You know very in line with the theme of your show, there will always be strings attached and someone else can kind of manipulate us like a puppet if we're only trying to do the things that they believe we need to do to be happy, fulfilled, and successful. So I, I, you know, I'm, I try not to prescribe to that and, and it's not easy to do. So for me, what I'm ultimately saying is I try to focus much more on the process than I do want the outcome. Now, I enjoy favorable outcomes just as much as the next person. And I'm not here saying that I wouldn't prefer to have more money in my bank account or have more Instagram followers, but the difference is I don't let those things define myself worth my, my, my confidence. You know, that that's not who I am as a person.

Jason (29:06):

You know, for me now, the things that are most important in my life, you know, one, am I physically, mentally and emotionally fit? You know, am I, am I doing everything I can to evolve into the best man that I'm capable of? Number two, do I have a strong connection and fulfilling relationship with the people that mean the most to me? You know, my children, my family, my friends, my clients colleagues, you know, and three, am I doing work that I believe is in service of others and adds value to other people's life? You know, I, I live by a mantra that a candle loses nothing by lighting another candle. And I wake up every single day inspired to try to light as many people's candles as I can. You know, sometimes that's in a one-on-one conversation. Sometimes that's on stage in front of a few hundred people.

Jason (29:52):

Some of that sometimes that's on a podcast like this with, you know, who knows how many people are, are listening. But my goal is to wake up every day and add value to other people's lives. So for me, if I'm doing the best I can in those areas, I I, if I'm working on my own physical, mental, and emotional fitness, if I'm forging strong, connected relationships with the people I love, and I'm doing work that I believe is adding value to the world around me, then it really is irrelevant what any of the external metrics say. I feel good about who I am as a man, and I feel good about the direction that I'm going.

Chris (30:25):

Man, fantastic. Now, and you should, Alan, cuz no, you're, you're preaching the right stuff, man. You know, attitude of gratitude and love. You know, the, you can't go wrong with those. I mean, you're, you're gonna be doing the right thing and you're gonna be adding, adding value for sure. I love ironies. You know, I, you know and I thought it was really cool and I wanted to ask you about it. The conclusion of your book at the back is tied normally a ch a chapter called The First Step would be in the front of the book, <laugh>.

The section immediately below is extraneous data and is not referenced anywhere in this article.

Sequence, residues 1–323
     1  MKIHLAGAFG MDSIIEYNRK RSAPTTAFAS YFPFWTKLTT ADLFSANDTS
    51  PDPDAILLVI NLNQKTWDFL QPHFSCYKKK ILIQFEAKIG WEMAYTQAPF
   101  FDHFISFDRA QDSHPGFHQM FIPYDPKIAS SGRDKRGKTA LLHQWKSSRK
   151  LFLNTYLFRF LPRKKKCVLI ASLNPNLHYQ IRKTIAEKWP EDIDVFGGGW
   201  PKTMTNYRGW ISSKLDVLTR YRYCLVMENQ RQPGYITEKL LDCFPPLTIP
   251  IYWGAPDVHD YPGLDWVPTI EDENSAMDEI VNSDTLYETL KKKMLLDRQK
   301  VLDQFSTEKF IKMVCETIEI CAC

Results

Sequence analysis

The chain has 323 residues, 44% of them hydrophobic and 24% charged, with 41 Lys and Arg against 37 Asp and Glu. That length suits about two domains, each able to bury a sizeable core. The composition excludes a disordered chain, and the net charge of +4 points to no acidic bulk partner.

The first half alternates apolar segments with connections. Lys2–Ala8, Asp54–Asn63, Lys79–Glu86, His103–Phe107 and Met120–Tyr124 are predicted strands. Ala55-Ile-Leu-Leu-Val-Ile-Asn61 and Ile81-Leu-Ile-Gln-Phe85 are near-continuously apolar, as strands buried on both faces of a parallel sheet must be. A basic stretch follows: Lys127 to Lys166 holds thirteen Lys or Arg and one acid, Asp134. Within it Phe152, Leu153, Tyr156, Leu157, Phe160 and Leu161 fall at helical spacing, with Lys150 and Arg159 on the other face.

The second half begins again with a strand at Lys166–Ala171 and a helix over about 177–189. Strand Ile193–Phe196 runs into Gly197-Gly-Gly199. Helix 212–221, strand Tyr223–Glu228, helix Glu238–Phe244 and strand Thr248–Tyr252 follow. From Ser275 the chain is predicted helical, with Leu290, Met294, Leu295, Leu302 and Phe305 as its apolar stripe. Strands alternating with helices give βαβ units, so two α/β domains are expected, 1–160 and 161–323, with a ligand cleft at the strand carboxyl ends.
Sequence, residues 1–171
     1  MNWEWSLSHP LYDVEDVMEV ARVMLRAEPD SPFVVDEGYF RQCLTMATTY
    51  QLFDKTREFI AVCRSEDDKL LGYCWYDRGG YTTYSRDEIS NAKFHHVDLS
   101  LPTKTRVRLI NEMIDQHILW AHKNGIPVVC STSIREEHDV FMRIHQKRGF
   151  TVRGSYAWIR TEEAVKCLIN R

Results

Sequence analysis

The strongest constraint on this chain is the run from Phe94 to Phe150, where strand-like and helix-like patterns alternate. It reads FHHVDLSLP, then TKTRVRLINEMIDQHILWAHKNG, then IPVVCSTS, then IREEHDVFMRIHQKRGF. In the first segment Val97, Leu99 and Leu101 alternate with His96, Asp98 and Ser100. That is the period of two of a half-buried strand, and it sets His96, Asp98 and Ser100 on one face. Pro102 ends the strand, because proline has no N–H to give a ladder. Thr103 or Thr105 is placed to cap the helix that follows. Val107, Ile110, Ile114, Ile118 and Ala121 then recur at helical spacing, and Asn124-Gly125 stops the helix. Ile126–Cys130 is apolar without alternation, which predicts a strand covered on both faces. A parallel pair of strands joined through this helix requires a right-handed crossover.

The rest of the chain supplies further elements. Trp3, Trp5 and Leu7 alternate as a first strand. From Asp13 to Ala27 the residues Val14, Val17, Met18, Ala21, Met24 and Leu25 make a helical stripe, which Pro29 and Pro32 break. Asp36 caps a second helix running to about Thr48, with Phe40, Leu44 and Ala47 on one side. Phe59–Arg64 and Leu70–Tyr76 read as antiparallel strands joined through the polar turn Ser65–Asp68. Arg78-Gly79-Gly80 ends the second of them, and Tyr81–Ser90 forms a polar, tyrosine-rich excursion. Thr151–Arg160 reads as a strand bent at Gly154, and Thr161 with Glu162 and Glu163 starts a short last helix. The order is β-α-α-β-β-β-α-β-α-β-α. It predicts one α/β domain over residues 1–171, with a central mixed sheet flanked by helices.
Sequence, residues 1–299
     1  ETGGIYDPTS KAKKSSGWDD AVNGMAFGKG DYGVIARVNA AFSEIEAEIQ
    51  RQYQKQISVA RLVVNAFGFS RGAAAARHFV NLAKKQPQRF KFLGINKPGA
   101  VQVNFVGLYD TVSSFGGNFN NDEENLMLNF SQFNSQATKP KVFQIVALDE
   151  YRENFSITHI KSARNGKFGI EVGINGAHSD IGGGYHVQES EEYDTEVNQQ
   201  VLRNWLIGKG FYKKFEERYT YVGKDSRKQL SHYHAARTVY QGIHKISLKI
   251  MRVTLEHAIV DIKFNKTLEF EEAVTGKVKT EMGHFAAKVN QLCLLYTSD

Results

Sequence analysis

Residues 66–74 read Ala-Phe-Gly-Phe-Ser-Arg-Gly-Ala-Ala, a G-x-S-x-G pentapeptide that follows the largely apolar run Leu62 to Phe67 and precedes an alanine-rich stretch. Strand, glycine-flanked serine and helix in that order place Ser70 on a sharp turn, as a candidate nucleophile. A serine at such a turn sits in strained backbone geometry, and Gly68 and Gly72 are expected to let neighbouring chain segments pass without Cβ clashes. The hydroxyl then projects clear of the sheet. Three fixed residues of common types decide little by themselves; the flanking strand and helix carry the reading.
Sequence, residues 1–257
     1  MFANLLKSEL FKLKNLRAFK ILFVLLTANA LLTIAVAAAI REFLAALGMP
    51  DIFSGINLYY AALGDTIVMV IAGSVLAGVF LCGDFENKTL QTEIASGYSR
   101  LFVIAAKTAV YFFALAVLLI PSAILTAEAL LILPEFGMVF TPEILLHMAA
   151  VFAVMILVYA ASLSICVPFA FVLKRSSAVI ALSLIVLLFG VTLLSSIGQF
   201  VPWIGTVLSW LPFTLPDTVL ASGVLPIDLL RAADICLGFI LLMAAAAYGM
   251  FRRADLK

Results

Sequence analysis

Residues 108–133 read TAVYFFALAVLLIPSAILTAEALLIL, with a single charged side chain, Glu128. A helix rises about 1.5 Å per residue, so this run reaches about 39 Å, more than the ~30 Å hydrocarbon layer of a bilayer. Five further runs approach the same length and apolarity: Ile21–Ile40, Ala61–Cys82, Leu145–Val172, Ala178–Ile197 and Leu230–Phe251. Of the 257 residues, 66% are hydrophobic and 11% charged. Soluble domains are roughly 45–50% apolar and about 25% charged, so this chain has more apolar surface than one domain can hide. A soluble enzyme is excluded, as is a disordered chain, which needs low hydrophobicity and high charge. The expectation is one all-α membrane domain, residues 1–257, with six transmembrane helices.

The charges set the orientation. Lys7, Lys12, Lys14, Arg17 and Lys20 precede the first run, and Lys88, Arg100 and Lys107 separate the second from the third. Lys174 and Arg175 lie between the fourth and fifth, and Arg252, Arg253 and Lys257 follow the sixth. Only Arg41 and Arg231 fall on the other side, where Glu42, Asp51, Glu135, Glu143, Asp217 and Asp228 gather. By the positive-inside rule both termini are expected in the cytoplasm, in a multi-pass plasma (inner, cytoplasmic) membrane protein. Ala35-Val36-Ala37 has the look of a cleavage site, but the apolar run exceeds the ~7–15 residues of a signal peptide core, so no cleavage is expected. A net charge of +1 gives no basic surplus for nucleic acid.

Jason (30:59):

Yeah, no, I'm glad that you brought that up. And you know, I, I love this concept of first step because I'm such a process-oriented thinker and, and I believe in systematic, incremental, progressive progress. You know, I kind of alluded to this earlier but like my goal for goals for, for 2023 is, can I make slightly better decisions consistently this year than I made last year? Can I have slightly better habits this year than I did last year? Can I elevate my mindset just a little bit this year over last year? And, and because I believe in the process, then I respect every step along the way. My good friend and mentor, Jay Billis of ESPN said something to me, he said this kind of in passing one day but I found it really profound. He said, the only way to the top of a ladder is to touch every single rung.

Jason (31:53):

You have to touch every single step. You can't skip steps. However, with one misstep, you can fall all the way to the bottom. So I found it interesting that in order to get to the top of the ladder, you have to touch every step, but you can actually un, you know, undermine that and and diminish that by one false step. So the ability to take the first step in any endeavor I is incredibly important. And we, we tend to live in a society that I think pushes us to look for shortcuts and hacks pushes us to constantly chase, you know, things that are new and shiny and sexy and absolutely pushes us to look to skip steps. And it's been my experience in my own life and all of the high performers that I've had a chance to be around learn from and observe, that they don't look to skip steps, you know, that, that you take somebody like a Kevin Durant or a Steph Curry who are ac incredibly accomplished on the basketball court.

Jason (32:52):

But when it's time for them to transition into their business lives or to any other aspect of their life, they're willing to be rookies again. They're willing to get back to the basics and start with the first step. They don't feel entitled. They don't say, just because I've been great in basketball, I'm also gonna automatically be a great investor cuz they know that is is the misstep that could send them all the way back to the bottom. So they wanna embrace those fundamentals, they want to embrace the basics, and they respect the first step in whatever it is that they're going to work on.

Chris (33:25):